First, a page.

I Love Ina Garten, but She’s Wrong About One Important Cooking Practice
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I love Ina Garten; this is no secret. You’ll find a Barefoot Contessa cookbook on just about every shelf in my apartment. I’ve been known to watch reruns of her show on YouTube, and I’ve gone so far as to call her a style icon. I sometimes wish I could pick Jeffrey up and put him in my pocket, but I digress. As much as I adore Ina, I have a bone to pick with her.

More than once, the Contessa has it on record that when she cooks, she follows recipes To. The. Letter. “I follow the recipe every single time I make a recipe. I don’t just throw things in,” she told Buzzfeed News in 2016. A similar sentiment was echoed when she was a guest on the Bon Appétit Foodcast.

Ina, whattt? You never stray from the instructions? Never add parsley instead of cilantro or a pinch more salt? Granted, Garten’s recipes are known for being unfussy, foolproof and practically impossible to ruin—that’s part of her appeal. But as a cook, I feel like this is the total opposite of what cooking should be (baking recipes notwithstanding). I’m a big believer in changing recipes as you see fit, for a few reasons.

Number one: Unless you’re grocery shopping with a recipe in mind, you won’t always have the exact ingredients in your kitchen. I don’t know about anyone else, but there’s nothing less appealing than an emergency grocery run 15 minutes before dinner.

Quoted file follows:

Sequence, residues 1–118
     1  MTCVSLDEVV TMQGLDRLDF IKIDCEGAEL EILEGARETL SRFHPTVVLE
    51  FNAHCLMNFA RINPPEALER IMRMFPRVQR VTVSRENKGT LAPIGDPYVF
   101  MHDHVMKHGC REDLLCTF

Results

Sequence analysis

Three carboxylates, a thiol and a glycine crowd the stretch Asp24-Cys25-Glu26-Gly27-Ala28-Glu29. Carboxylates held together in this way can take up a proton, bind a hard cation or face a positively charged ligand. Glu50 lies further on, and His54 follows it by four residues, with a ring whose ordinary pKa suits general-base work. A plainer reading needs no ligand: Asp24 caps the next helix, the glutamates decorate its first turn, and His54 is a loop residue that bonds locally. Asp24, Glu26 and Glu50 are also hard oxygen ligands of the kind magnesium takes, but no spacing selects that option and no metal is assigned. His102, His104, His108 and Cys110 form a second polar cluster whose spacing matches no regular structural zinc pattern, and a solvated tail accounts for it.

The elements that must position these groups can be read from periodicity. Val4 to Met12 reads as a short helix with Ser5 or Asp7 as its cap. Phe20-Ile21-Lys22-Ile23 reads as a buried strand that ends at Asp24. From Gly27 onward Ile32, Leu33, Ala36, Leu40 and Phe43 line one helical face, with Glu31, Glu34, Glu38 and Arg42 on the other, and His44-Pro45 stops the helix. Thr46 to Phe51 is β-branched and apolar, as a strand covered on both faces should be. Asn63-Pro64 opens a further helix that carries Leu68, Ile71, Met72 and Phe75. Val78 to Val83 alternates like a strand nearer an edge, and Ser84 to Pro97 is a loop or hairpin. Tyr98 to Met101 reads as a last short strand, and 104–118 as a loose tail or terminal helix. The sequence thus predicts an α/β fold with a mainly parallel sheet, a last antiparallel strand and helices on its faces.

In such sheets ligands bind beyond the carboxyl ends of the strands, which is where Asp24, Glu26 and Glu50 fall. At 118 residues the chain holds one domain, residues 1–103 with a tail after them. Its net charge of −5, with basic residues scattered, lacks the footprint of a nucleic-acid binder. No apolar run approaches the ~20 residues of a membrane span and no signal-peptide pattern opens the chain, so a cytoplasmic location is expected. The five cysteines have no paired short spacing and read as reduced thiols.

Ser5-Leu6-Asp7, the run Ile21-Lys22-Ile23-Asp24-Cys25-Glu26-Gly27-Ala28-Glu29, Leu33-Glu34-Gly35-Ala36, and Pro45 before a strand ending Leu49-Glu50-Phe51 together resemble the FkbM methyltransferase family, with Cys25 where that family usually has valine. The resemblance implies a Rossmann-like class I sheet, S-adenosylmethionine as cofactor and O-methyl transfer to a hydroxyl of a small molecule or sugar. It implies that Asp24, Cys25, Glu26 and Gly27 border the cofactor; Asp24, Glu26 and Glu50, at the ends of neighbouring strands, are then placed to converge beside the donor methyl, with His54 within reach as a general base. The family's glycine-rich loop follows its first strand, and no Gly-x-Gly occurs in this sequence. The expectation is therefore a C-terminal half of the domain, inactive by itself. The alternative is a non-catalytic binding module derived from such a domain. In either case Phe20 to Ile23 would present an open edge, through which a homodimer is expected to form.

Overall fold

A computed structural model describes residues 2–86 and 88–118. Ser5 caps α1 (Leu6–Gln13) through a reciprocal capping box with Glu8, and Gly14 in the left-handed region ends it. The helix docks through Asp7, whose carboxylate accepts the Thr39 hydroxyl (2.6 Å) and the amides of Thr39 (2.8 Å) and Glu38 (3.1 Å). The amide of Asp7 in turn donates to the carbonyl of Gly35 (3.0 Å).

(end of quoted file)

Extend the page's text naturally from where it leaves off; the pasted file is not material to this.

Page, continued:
Number two: What if I don’t like an ingredient, but the dish sounds appealing otherwise? I’m not against modifying a nonessential flavor to my taste. I’m the one who has to eat it, after all. Sure, Garten’s recipes are tested and meant to be failproof, but everyone’s taste buds are different. It’s called “seasoning to taste” for a reason.

Number three: Most important, experimenting with recipes is what makes cooking satisfying and fun. How can we empower more people to get into the kitchen if it’s so regimented that you can’t swap a blueberry for a raspberry? How do you learn that tarragon and mint don’t really taste the same, or that under-salted food is way sadder than over-salted? Not to mention, following recipes all the time is just kind of boring.

Obviously, you can’t change a recipe so much that it’s something entirely different and still call it the same dish. It’s not roast chicken if you use steak. And not all modifications will be successful, but that’s part of the process. Don’t get me wrong, I still love Ina. I just want her to feel free to live her best life and add an extra pinch of cayenne for the hell of it. 

RELATED: The 51 Best Ina Garten Recipes of All Time

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